Commenting on the publication of the Local Government Finance Bill, which will see new incentives for councils to promote local business growth while maintaining a single national business rate, Dr Adam Marshall, director of policy at the British Chambers of Commerce (BCC), said:

On local retention of business rates:

“Businesses have long said that they want local councils to treat them as constituents, not just tick-box consultees. The reforms will mean that councils need to ‘think business first’ if they want to raise more money to support local services. Simply put, councils need to grow their business base to increase their income, and that means approving viable planning applications, assisting companies that want to expand, and attracting new investors from home and overseas.

“Crucially, no company will pay more to its local council as a result of these reforms, which is absolutely essential at a time when business is doing all it can to keep high streets, city centres and industrial estates vibrant. A single, national business rate will prevent councils from unilaterally raising taxes or undercutting each other.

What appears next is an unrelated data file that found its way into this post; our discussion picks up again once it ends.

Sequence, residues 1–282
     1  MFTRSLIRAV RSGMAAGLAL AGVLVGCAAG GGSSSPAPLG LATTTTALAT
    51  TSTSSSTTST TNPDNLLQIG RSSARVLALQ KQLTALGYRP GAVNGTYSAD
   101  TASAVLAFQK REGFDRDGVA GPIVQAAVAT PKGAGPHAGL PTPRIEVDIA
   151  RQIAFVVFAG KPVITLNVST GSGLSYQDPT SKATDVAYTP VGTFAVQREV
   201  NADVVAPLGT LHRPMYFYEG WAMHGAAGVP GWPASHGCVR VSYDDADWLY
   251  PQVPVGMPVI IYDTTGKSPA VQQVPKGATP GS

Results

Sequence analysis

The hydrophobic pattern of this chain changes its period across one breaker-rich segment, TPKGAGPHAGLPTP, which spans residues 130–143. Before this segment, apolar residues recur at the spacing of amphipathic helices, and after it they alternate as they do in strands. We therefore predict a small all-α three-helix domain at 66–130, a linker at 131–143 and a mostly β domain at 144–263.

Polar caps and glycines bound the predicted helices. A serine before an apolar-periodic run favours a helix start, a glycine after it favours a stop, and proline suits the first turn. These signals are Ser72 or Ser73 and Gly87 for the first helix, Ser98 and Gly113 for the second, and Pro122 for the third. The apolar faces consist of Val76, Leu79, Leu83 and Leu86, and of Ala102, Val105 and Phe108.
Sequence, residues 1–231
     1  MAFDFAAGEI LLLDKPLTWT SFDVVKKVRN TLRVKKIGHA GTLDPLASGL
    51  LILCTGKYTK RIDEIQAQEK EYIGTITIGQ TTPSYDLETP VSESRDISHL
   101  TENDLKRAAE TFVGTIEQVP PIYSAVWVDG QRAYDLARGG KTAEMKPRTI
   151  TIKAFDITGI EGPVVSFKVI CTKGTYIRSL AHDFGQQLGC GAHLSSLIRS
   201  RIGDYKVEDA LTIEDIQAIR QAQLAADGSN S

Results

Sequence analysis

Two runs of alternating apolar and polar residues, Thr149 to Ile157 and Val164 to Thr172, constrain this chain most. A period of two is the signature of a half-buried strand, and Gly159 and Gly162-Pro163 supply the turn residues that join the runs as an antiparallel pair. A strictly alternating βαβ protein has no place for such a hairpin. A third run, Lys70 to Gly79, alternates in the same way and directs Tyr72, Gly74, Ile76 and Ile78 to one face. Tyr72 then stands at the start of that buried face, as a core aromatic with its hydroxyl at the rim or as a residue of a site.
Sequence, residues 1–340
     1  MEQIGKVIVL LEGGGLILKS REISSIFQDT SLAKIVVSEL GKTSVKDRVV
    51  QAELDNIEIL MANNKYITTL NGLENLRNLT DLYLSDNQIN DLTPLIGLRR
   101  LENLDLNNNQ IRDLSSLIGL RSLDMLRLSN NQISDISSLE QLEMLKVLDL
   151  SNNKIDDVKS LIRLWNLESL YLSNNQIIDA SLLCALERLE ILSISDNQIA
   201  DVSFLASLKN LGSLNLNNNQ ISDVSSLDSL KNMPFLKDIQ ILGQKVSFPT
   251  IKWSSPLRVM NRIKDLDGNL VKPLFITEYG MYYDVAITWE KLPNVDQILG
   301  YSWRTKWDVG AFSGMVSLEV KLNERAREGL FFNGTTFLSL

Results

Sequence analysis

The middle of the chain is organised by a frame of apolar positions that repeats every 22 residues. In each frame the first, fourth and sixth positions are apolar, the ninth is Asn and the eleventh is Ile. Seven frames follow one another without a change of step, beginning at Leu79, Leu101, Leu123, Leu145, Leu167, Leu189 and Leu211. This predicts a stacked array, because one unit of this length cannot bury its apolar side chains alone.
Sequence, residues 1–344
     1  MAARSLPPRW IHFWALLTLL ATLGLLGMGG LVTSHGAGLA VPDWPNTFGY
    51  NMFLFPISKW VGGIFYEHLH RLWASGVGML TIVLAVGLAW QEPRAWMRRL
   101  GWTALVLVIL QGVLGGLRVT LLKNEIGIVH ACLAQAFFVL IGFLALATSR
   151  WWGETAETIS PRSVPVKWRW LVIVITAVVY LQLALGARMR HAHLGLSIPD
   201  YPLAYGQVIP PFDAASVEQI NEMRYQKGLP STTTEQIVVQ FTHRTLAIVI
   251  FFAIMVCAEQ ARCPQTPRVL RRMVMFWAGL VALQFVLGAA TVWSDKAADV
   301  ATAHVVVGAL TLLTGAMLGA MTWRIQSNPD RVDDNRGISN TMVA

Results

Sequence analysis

“Firms support the principle of local retention of business rates. Understandably, there are concerns in some areas of England about what the specifics of these proposals mean for individual places. Over the coming weeks, it’s up to the government to deliver the detail.”

On the separate business rate rise scheduled for April 2012:

“These proposals are positive news. Now ministers must look again at the separate issue of scrapping the huge 5.6% rise in business rates scheduled for April 2012. If we all agree that business is good for local communities, a rise of this size and scale must be avoided.”

On Tax Increment Financing:

“Chambers of Commerce have long supported the concept of Tax Increment Financing (TIF), where major local infrastructure is unlocked by using future income to repay an upfront loan. We are pleased that the government has committed to TIF, and to giving key schemes the long-term certainty required to get off the ground and spark local development. Since businesses and councils have waited too long for this power, TIF must be introduced without delay.”